Joaquim Tenreiro (1906-1992) is the pioneer of modernist Brazilian furniture making. A forerunner in the use of rediscovered raw materials as well as the creator of a new formal language in 20th century Brazilian furniture design, he drew on the lessons of past furniture making as a vital source, not only in the mastery of technical and constructive solutions, but also in the aesthetic experience, craftsmanship, and the cultural meaning of his production. His exquisitely crafted pieces evoke a refined coexistence of traditional values and modern aesthetics, strongly bound to the Brazilian cultural milieu.
Born in Portugal to a family with a great tradition in furniture making, he moved to Brazil in 1928 at the age of 22. He embarked on a career as a designer by working at various furniture manufacturers such as Leandro Martins, Francisco Gomes and Laubisch & Hirth, which catered to wealthy Brazilian families eager to buy furniture with a conservative design that imitated traditional European styles. Tenreiro’s vast experience in arts and crafts as well as furniture design was naturally contrary to such bourgeois expectations. Explicitly reacting against what he perceived as provincialism of a colonized society, Tenreiro proposed a contemporary language and advocated the idea that Brazilian furniture should be “formally light…A lightness which has nothing to do with weight itself, but with graciousness, and the functionality of spaces.”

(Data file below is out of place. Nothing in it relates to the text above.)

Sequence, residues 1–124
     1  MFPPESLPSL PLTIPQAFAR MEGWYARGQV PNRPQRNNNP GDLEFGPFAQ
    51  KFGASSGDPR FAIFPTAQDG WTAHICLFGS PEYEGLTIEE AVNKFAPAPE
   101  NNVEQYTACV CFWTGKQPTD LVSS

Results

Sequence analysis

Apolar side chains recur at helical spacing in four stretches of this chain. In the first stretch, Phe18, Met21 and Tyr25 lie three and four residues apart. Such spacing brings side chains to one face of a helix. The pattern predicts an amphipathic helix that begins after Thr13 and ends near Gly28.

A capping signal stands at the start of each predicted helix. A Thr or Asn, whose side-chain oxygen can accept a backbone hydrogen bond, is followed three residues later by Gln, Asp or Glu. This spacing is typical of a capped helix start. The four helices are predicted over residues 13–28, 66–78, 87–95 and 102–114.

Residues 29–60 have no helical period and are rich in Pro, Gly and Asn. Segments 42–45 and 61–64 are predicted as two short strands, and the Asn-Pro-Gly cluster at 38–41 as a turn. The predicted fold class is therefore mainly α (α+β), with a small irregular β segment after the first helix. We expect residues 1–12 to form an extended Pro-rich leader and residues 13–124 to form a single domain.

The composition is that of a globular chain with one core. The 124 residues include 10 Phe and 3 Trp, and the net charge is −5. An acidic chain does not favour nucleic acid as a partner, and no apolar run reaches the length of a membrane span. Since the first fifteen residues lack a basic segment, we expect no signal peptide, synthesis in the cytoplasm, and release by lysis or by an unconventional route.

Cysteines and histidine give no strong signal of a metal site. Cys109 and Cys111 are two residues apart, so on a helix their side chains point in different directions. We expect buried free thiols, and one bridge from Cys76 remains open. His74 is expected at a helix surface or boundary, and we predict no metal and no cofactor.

In the early 1940s, Tenreiro founded his own furniture studio, Langenbach & Tenreiro Ltda, where his work began to gain more recognition. However, it was not until the 1950s that he began to be recognized as a master furniture designer in Brazil. His design philosophy found a great response with architects who supported modernism. Tenreiro found in Oscar Niemeyer his greatest client, designing furniture for his houses and completely breaking away from the virtuosity of antique styles. He developed a language adapted to the country’s heat, using wicker and Brazilian hardwoods in abundance.
In spite of his success and his professional recognition, Tenreiro closed his furniture studio in 1967 and decided to devote himself exclusively to fine arts, taking up once again a path that he had discontinued long before. During the next following decades until his death in 1992, his works were included in many art and design exhibitions held at renowned galleries and museums in Rio de Janeiro and São Paulo. A forerunner in the truest sense of the word, the “father” of modern furniture in Brazil left behind an unrivaled aesthetic legacy.